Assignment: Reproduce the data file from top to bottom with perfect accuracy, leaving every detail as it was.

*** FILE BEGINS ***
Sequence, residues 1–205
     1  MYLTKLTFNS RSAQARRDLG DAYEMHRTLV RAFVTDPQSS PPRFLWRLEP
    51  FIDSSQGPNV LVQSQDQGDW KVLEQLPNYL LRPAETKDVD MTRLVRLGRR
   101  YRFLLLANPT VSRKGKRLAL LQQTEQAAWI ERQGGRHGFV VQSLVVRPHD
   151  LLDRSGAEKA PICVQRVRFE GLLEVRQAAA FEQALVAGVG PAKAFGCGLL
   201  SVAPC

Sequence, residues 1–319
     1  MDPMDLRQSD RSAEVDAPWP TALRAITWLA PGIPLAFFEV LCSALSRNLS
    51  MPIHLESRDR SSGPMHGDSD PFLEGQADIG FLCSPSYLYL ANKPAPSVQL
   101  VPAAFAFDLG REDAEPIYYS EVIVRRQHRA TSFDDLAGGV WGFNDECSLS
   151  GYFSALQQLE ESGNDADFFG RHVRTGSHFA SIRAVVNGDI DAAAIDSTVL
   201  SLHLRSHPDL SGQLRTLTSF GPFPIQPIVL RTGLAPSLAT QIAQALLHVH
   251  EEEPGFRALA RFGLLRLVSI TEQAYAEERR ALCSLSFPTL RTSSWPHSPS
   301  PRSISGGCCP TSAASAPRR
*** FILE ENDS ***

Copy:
Sequence, residues 1–205
     1  MYLTKLTFNS RSAQARRDLG DAYEMHRTLV RAFVTDPQSS PPRFLWRLEP
    51  FIDSSQGPNV LVQSQDQGDW KVLEQLPNYL LRPAETKDVD MTRLVRLGRR
   101  YRFLLLANPT VSRKGKRLAL LQQTEQAAWI ERQGGRHGFV VQSLVVRPHD
   151  LLDRSGAEKA PICVQRVRFE GLLEVRQAAA FEQALVAGVG PAKAFGCGLL
   201  SVAPC

Sequence, residues 1–319
     1  MDPMDLRQSD RSAEVDAPWP TALRAITWLA PGIPLAFFEV LCSALSRNLS
    51  MPIHLESRDR SSGPMHGDSD PFLEGQADIG FLCSPSYLYL ANKPAPSVQL
   101  VPAAFAFDLG REDAEPIYYS EVIVRRQHRA TSFDDLAGGV WGFNDECSLS
   151  GYFSALQQLE ESGNDADFFG RHVRTGSHFA SIRAVVNGDI DAAAIDSTVL
   201  SLHLRSHPDL SGQLRTLTSF GPFPIQPIVL RTGLAPSLAT QIAQALLHVH
   251  EEEPGFRALA RFGLLRLVSI TEQAYAEERR ALCSLSFPTL RTSSWPHSPS
   301  PRSISGGCCP TSAASAPRR